Thursday, 2 August 2012

Inducing failure

Is cybersecurity a market failure? Every individual counts the cost to him of a virus attack but ignores the cost to others if his system becomes a zombie spam machine; consequently, people underinvest in computer security.

Eli Dourado does a great job in taking on this kind of argument in his Mercatus working paper - on the syllabus in my Economics of Current Policy Issues course. 

First, the externality is, in most cases, inframarginal: most individuals have sufficient personal interest in ensuring security that the external benefit accrues inframarginally rather than at the margin. In other words, while it's true that people benefit others when they install proper security software, they're doing enough to benefit themselves at the same time that they're likely getting things right.

Second, there are plenty of other parties that have an encompassing interest in ensuring that the Internet works well. Google has a harder time selling ads if a lot of clicked links install malware and the like; consequently, Google works hard to make sure that, if you're using their Chrome browser, you get lots of warnings if you try to visit a dodgy site.

We'd think that Microsoft would have a similarly encompassing interest. Why isn't a decent security system built into Windows? I recently built a computer and put Windows 7 on it. After a bit of searching around, I found that Microsoft produces a very decent, and free, Internet security package. So I downloaded it, for free, and installed it. And I wondered why it wasn't built into the OS. Surely it would be in Microsoft's interest that people using their machines be protected against virus attacks, and it's precisely the kinds of people who don't know they need to go searching for an antivirus package who'd be the kinds of people who'd impose costs on others by letting their machines turn into a zombie.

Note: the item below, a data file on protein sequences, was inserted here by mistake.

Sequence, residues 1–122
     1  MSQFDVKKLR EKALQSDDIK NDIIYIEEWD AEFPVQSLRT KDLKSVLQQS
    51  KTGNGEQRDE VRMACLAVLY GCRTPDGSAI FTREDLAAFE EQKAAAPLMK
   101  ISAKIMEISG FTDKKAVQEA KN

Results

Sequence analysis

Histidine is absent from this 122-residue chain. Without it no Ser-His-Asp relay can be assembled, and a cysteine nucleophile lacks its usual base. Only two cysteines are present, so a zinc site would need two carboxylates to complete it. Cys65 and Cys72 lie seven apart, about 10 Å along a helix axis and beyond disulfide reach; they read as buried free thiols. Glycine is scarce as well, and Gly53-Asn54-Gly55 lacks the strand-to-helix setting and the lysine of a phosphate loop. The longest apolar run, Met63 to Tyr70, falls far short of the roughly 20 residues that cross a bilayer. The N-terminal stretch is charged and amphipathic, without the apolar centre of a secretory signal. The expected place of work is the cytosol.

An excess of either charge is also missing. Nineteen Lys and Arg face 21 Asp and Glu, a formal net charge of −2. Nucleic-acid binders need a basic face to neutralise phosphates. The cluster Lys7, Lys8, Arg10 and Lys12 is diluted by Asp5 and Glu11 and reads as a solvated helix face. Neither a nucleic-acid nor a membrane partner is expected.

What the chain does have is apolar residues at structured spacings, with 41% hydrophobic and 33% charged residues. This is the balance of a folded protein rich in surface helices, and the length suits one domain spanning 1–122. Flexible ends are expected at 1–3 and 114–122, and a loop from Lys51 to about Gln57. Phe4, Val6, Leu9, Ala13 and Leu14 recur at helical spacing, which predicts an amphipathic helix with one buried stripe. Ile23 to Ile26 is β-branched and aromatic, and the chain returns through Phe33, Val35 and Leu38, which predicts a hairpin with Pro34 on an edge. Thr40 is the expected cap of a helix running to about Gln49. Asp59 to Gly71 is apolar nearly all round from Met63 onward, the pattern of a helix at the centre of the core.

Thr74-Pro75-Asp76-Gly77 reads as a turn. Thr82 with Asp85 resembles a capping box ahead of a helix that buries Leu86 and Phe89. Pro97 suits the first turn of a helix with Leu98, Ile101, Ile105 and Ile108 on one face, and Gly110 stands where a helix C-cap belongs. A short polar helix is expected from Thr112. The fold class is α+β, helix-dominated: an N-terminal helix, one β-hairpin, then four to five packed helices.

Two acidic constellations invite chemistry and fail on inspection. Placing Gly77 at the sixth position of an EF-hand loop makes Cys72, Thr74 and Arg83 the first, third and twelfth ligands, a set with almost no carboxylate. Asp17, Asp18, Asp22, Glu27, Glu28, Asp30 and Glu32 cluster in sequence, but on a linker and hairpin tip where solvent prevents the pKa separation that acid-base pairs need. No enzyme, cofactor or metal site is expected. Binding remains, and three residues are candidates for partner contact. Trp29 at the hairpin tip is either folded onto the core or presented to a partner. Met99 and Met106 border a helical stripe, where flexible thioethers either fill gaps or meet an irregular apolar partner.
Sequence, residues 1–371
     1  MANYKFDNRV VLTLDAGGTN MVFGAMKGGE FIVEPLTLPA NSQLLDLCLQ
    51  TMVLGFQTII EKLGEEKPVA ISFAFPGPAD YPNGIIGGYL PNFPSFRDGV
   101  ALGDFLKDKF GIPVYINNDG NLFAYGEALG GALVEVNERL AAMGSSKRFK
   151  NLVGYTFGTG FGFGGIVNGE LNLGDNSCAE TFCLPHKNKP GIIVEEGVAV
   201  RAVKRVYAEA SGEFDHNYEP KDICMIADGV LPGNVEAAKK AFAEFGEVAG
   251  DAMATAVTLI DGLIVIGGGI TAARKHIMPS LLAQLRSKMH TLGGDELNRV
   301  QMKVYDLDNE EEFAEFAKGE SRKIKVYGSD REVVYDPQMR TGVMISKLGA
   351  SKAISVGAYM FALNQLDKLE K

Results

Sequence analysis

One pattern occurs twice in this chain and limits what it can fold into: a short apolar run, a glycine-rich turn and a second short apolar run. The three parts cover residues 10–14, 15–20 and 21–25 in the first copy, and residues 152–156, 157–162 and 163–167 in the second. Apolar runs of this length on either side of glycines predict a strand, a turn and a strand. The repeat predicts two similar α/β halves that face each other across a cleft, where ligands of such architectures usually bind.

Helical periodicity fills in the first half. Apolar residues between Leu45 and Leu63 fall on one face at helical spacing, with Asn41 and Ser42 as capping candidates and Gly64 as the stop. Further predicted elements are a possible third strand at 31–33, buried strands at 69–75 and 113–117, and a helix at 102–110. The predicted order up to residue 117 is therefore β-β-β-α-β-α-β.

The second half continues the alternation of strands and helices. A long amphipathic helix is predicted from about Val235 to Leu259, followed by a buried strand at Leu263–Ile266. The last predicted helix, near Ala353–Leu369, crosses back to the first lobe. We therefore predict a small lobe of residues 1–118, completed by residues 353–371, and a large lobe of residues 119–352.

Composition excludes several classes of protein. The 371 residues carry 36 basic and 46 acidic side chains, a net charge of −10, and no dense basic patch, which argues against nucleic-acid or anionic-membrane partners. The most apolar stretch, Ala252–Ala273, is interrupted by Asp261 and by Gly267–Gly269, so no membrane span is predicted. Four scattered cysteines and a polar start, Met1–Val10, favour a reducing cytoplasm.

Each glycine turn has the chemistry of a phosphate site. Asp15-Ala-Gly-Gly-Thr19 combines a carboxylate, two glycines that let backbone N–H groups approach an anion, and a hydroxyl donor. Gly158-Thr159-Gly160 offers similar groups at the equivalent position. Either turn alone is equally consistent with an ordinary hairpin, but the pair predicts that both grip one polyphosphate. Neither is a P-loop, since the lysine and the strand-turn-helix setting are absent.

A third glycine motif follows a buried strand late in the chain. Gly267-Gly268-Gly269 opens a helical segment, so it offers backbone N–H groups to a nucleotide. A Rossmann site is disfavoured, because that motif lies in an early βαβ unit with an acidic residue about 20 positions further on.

Then I remembered... Microsoft gets slapped around by the Department of Justice and the European antitrust guys whenever they try to make Windows better by adding features. Bundling antivirus into Windows, where it should be, could be deemed a measure that the Europeans would figure would hurt competitors; hurting competitors seems to matter more than helping consumers in European law. And Eli pointed me to this article from 2008 offering antitrust as reason why antivirus hadn't been built into Windows.

Fortunately, it looks like Microsoft's found a workaround for Windows 8. Antivirus will be built in, but will be automatically switched off if any other vendor's product is installed; it only turns back on if the user fails to renew the subscription to the alternative product. Note that Windows 8 is already under antitrust investigation in Europe, but for browser default issues rather than antivirus (so far).


  1. Note that having multiple antivirus programs can be problematic for technical reasons, so there may be better reasons to be skeptical of bundling than there are for other programs.

    The idea of a built-in system that turns itself off when an alternative product is installed sound like it could work. I do wonder, though, how it will decide when to turn itself off. I don't think it can just turn itself off when it sees something that looks like another scanner; as I understand it, the reason antivirus programs don't place nice with each other is that a real-time antivirus scan looks a lot like a virus to another antivirus program. If it operates via a whitelist, is Microsoft going to set itself up as the arbiter of legitimate antivirus programs? I can see people not being thrilled about that.

  2. I imagine they'll white-list the main commercial anti-virus software for a licensing fee: 'Win 8 Certified'. Geeky, niche software would be manual job.

  3. Sure, but can't any of these installs then give you a prompt to uninstall the prior package?

  4. Wouldn't surprise me; the OEM folks getting paid per main commercial subscription would like it too.

  5. According to Wikipedia, the Fount of All Wisdom, MS was indeed threatened with antitrust actions if MS Security Essentials was bundled into Windows 7.